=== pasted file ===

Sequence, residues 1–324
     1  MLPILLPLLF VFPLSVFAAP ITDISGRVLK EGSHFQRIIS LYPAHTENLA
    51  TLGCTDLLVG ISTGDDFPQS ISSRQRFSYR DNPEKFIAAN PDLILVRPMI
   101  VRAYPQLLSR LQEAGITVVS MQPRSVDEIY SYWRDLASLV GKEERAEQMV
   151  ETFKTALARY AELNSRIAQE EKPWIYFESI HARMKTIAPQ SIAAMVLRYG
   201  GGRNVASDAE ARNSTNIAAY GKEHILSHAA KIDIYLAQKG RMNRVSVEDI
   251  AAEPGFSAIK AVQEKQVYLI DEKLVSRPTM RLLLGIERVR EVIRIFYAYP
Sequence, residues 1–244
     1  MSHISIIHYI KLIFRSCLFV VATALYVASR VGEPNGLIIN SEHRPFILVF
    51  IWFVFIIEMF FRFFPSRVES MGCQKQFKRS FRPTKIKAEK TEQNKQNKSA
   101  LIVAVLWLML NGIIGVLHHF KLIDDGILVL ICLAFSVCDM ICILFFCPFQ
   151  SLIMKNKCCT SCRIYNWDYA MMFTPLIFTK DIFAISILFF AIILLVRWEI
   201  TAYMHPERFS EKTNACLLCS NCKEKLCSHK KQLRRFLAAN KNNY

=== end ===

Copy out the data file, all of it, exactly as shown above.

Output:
Sequence, residues 1–324
     1  MLPILLPLLF VFPLSVFAAP ITDISGRVLK EGSHFQRIIS LYPAHTENLA
    51  TLGCTDLLVG ISTGDDFPQS ISSRQRFSYR DNPEKFIAAN PDLILVRPMI
   101  VRAYPQLLSR LQEAGITVVS MQPRSVDEIY SYWRDLASLV GKEERAEQMV
   151  ETFKTALARY AELNSRIAQE EKPWIYFESI HARMKTIAPQ SIAAMVLRYG
   201  GGRNVASDAE ARNSTNIAAY GKEHILSHAA KIDIYLAQKG RMNRVSVEDI
   251  AAEPGFSAIK AVQEKQVYLI DEKLVSRPTM RLLLGIERVR EVIRIFYAYP
Sequence, residues 1–244
     1  MSHISIIHYI KLIFRSCLFV VATALYVASR VGEPNGLIIN SEHRPFILVF
    51  IWFVFIIEMF FRFFPSRVES MGCQKQFKRS FRPTKIKAEK TEQNKQNKSA
   101  LIVAVLWLML NGIIGVLHHF KLIDDGILVL ICLAFSVCDM ICILFFCPFQ
   151  SLIMKNKCCT SCRIYNWDYA MMFTPLIFTK DIFAISILFF AIILLVRWEI
   201  TAYMHPERFS EKTNACLLCS NCKEKLCSHK KQLRRFLAAN KNNY